Freeport + Mid-Coast
Restaurants in Freeport + Mid-Coast
Easily identified by its famous giant neon sign, Moody’s endures as the rest stop of choice on Maine’s mid-coast highway.
This family-friendly joint has famous thick chowder, plus burgers and lobster rolls.
The Maine Dining Room restaurant at downtown Freeport’s Harraseeket Inn is a source of local pride; James Beard Award–winning chef Sam Hayward (now at Fore Street) first helped make a culinary name for the Harraseeket in the early ‘90s, and dishes like halibut encrusted in fresh horseradish and f
This central Maine institution has been located along the Wiscasset waterfront since 1954, and before that, in nearby Boothby, beginning in 1938. The shack with the red and white awning rests next to Route 1 and specializes in lobster rolls.
Maine’s Mid Coast hides some of its best secrets on the “reaches”: long, narrow peninsulas that stretch like fingers into the sea. The sleepy Harpswell peninsula is just a half-hour’s detour off I-295, yet it could be 200 miles away.
One whiff of the hickory wood–smoked BBQ, and you’ll be seduced by this roadhouse restaurant, one mile south of downtown Freeport.
Located in the coastal fishing village after which it's named, Five Island specializes in fresh-caught crustaceans. There's no indoor seating; snag a picnic table on the dock overlooking the sea, and watch as the lobster boats come in and out of the harbor.
So you’re making the pilgrimage to L. L. Bean and the outlets of Freeport. When you can’t face another discounted duck boot, retreat to this popular spot on the South Freeport marina.
Thousands of miles from the Mexican border, in a residential neighborhood two blocks from Brunswick’s main drag, this funky cantina belies every cliché about dining in Maine.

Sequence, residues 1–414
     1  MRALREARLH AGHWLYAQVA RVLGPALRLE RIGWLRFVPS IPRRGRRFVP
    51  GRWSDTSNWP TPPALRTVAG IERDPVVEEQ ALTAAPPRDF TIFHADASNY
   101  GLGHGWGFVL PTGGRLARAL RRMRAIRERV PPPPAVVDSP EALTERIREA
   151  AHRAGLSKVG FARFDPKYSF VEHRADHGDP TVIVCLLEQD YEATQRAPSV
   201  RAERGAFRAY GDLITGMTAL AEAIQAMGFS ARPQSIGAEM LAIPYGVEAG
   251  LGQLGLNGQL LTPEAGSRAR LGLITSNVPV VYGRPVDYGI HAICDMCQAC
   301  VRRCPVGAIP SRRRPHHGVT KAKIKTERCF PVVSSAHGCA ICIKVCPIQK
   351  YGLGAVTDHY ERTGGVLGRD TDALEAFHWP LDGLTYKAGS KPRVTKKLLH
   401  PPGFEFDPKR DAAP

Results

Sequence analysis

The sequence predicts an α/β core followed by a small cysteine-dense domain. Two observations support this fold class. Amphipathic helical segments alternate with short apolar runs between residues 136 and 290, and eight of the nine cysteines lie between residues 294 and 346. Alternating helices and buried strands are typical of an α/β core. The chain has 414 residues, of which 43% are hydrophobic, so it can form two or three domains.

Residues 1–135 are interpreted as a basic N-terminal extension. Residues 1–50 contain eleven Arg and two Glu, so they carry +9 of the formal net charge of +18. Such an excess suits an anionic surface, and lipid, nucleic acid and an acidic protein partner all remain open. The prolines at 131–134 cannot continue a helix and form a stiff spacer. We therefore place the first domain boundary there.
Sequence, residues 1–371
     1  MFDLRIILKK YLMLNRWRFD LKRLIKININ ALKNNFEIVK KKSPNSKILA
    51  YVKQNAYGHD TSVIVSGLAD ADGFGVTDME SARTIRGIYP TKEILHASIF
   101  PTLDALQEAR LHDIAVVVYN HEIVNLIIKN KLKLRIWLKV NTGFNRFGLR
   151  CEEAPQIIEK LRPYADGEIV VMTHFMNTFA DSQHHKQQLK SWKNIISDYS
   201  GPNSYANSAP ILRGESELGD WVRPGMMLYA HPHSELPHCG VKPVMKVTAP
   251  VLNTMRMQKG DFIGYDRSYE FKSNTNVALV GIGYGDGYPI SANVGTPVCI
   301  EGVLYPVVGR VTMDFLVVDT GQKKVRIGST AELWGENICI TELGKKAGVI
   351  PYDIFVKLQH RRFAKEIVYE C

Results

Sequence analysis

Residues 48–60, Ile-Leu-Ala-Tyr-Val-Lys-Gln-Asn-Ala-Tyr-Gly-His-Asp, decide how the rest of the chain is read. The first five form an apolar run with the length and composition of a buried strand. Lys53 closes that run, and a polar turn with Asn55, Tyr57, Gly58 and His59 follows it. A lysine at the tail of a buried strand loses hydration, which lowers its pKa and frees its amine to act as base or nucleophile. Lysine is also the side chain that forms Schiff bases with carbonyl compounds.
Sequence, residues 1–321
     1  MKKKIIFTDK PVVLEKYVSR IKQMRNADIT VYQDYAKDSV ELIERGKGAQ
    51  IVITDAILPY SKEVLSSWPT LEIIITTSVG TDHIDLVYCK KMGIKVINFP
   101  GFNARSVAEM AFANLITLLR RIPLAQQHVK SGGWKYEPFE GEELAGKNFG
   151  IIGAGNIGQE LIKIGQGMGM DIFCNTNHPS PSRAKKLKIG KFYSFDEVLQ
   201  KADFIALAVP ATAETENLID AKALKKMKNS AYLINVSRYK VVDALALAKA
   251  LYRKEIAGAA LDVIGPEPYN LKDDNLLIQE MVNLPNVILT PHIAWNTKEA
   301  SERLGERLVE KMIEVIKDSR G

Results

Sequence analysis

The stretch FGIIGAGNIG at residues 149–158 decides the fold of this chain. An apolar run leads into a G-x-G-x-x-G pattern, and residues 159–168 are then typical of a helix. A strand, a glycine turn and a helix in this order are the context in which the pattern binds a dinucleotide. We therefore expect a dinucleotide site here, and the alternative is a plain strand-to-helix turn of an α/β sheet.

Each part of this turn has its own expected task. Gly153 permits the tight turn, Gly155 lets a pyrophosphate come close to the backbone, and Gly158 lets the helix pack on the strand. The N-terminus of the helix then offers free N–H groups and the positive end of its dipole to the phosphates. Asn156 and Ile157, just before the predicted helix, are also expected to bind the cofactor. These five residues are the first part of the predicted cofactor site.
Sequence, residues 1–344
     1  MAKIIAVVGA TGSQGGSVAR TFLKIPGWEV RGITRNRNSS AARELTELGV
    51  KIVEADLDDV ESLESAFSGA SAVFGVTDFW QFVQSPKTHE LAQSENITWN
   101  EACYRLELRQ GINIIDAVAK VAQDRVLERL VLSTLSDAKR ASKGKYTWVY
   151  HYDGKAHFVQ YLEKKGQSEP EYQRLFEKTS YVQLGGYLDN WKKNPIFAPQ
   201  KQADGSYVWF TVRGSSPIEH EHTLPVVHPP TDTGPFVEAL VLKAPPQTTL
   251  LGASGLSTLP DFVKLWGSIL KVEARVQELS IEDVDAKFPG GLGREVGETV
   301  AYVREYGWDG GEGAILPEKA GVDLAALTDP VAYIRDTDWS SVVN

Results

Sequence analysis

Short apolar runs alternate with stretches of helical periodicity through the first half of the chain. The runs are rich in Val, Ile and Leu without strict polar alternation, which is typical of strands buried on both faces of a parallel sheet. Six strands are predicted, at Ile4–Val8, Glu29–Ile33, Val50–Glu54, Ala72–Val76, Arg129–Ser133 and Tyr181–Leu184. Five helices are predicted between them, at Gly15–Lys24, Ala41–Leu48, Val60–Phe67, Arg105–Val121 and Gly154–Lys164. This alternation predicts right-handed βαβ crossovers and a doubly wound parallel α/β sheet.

Live and cooked lobsters are the draw at this low-key waterfront seafood shack, operated by the nation's oldest fishermen's cooperative.
Overlooking the Damariscotta River where it feeds into the Atlantic, this unpretentious spot—decked out with antique lobster buoys, hurricane lamps, and nautical paraphernalia—is a local favorite for its hit parade of seafood greats and for its busy bar on the water’s edge.
If Shaw's Fish & Lobster Wharf looks familiar, it might be because part of the Kevin Costner movie Message in a Bottle was filmed here. That was in the late 1990s, but little has changed.
This seasonal oceanside restaurant, which is affiliated with Spinney's cottages and guesthouse, serves lobsters straight from the tank with drawn butter and bibs.
Buddy Poland inherited the lobstering tradition from his New England forebears and manages this shingled lobster shack near a harbor called Round Pond, which empties into Muscongus Sound on Maine’s central coast. They’re open from March through Christmas.
Fresh lobster rolls, fried scallops, and haddock chowder are just a few of the locally renowned specialties at this casual roadside restaurant, situated along U.S. Route One in Midcoast Maine.